Phil Miller covered three seasons of Twins baseball, but that was at a different ballpark for a different newspaper. Now Miller returns to the baseball beat after joining the Star Tribune as the Gopher football writer in 2010, and he won't miss the dingy dome for a minute. In addition to the Twins and Gophers, Miller covered the Utah Jazz and the NBA for six years at The Salt Lake Tribune.
Twins general manager Terry Ryan has been diagnosed with cancer in his neck, and he will miss spring training in Fort Myers, Fla., the team announced Monday.
The 60-year-old Ryan is being treated at the Mayo Clinic, the team said in a statement in Ryan's name, after a lump was found in his neck during a routine physical exam. The lump was found to be cancerous, though "incremental tests indicate the cancer appears to be confined to my neck, and has not spread to other regions of my body," Ryan's statement said. "I've been assured this form of cancer is treatable and [I] remain optimistic about my return to good health in the near future."
Ryan will turn over leadership of the team to assistant general manager Rob Antony, director of player personnel Mike Radcliff, and manager Ron Gardenhire while he focuses on treatment and recovery from the condition, known as squamous cell carcinoma. The Twins open training camp next week, with pitchers and catchers scheduled to report to Fort Myers on Sunday.
According to the Mayo Clinic's web site, squamous cell carcinoma is usually not life-threatening, though it can be aggressive in some cases. The Mayo site calls it "a common form of skin cancer that develops in the thin, flat squamous cells that make up the outer layer of the skin."
Ryan has been with the Twins since 1986, and is in his second stint as general manager. He held the post from Sept. 1994 until the end of the 2007 season, then returned to the position on Nov. 7, 2011.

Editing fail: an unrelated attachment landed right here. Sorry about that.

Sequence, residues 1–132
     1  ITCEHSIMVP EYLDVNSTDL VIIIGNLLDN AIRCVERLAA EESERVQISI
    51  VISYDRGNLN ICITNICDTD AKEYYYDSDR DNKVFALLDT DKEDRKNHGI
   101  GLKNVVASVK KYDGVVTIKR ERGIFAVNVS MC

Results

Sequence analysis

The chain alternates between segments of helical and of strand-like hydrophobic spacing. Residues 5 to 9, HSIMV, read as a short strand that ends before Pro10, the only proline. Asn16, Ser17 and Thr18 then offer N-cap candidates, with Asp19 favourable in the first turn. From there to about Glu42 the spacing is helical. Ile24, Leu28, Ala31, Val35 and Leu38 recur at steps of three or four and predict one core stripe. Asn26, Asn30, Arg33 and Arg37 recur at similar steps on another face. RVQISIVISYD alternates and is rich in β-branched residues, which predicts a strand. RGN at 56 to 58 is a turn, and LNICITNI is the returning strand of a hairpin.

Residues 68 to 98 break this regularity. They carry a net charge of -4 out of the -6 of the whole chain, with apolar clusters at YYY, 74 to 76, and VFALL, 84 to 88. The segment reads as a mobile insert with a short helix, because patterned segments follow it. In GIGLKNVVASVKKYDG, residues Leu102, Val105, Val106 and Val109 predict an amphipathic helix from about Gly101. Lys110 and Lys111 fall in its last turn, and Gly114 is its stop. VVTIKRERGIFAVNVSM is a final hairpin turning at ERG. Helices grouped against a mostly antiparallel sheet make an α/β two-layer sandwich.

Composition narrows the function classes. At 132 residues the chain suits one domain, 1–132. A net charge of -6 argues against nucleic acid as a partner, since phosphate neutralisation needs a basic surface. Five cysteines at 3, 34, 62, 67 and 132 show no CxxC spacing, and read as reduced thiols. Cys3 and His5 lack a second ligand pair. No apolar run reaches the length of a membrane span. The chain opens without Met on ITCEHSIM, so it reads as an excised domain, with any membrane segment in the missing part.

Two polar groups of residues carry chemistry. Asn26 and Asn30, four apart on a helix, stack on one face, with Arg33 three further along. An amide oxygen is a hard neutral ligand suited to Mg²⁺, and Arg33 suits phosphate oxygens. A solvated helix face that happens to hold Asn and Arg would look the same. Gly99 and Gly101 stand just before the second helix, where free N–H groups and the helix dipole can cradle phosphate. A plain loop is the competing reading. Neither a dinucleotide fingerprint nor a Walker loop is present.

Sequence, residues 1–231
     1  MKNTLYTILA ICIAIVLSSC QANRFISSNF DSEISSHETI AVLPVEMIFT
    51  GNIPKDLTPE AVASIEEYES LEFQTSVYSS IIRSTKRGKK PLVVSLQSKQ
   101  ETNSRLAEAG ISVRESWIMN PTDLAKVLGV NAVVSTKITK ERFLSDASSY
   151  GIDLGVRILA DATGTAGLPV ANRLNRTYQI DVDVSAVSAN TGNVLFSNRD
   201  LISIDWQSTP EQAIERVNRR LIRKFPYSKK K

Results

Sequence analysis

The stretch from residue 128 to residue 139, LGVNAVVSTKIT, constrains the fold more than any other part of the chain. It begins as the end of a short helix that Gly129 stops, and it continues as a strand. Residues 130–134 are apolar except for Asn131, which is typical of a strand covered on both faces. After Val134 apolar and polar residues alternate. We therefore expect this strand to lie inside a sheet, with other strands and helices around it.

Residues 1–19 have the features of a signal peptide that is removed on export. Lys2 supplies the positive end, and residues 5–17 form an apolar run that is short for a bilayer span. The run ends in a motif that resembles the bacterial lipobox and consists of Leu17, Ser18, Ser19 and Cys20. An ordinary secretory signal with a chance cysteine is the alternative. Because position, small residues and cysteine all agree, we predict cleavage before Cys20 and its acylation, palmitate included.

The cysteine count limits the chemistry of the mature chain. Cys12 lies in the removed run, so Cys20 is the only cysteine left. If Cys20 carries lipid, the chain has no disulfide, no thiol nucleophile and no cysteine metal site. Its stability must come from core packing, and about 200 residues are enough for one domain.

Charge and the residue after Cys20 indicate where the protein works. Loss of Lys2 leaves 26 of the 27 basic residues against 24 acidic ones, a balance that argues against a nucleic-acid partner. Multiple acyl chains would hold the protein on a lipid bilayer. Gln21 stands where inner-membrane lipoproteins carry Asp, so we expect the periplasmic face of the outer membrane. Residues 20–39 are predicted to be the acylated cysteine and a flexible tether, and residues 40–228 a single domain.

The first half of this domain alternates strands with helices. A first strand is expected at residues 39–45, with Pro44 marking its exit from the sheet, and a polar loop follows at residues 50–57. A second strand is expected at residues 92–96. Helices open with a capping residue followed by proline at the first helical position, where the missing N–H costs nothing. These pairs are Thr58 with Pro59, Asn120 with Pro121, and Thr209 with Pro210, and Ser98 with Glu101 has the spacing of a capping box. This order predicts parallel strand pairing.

A two-time Executive of the Year, as named by The Sporting News in 2002 and 2006, Ryan was drafted by the Twins in the 35th round in 1972 and pitched in the organization for four seasons before suffering a career-ending injury. The Janesville, Wis., native and his wife Karilyn have two children.
Ryan's statement also thanked Twins team physician Dr. Vijay Eyunni, "as well as the doctors and medical staff at the Mayo Clinic and Minnesota Oncology. In addition, we are grateful for the many friends and colleagues who have sent their well-wishes and support throughout this challenging time," it read. "It's my intention to see you back at the ballpark as soon as possible."
The Twins spring training home in Fort Myers, Fla., would get a $45.5 million facelift, to renovate Hammond Stadium and enhance the surrounding facilities, with the team agreeing to a new 30-year lease, under a proposal presented today to the Lee County Board of County Commissioners.
Hammond Stadium’s seating capacity would increase from 8,000 to 9,300, with wider concourses, renovated concession stands and rest rooms, a 360-degree walkway for fans around the field, and more shaded areas.
The Twins would pay $13.8 million toward the project, partly through an increase in rent from $300,000 to $500,000 per year, and through the construction of an on-site dormitory that would include 55 sleeping rooms for players and staff. The rest of the tab would be paid through a county bond issue, with the state of Florida kicking in $15 million over the course of the 30-year lease.
The Lee County Commissioners are scheduled to vote on the matter Nov. 6, and a report in the Fort Myers New Press quoted one commissioner who expects the measure to pass 4-to-1.
Bill Smith, the Twins former general manager who now works as a special assistant to the team’s president and GM, has been the Twins point person on the project and played a central role in the planning when the Lee County Sports Complex first opened for the Twins in 1991.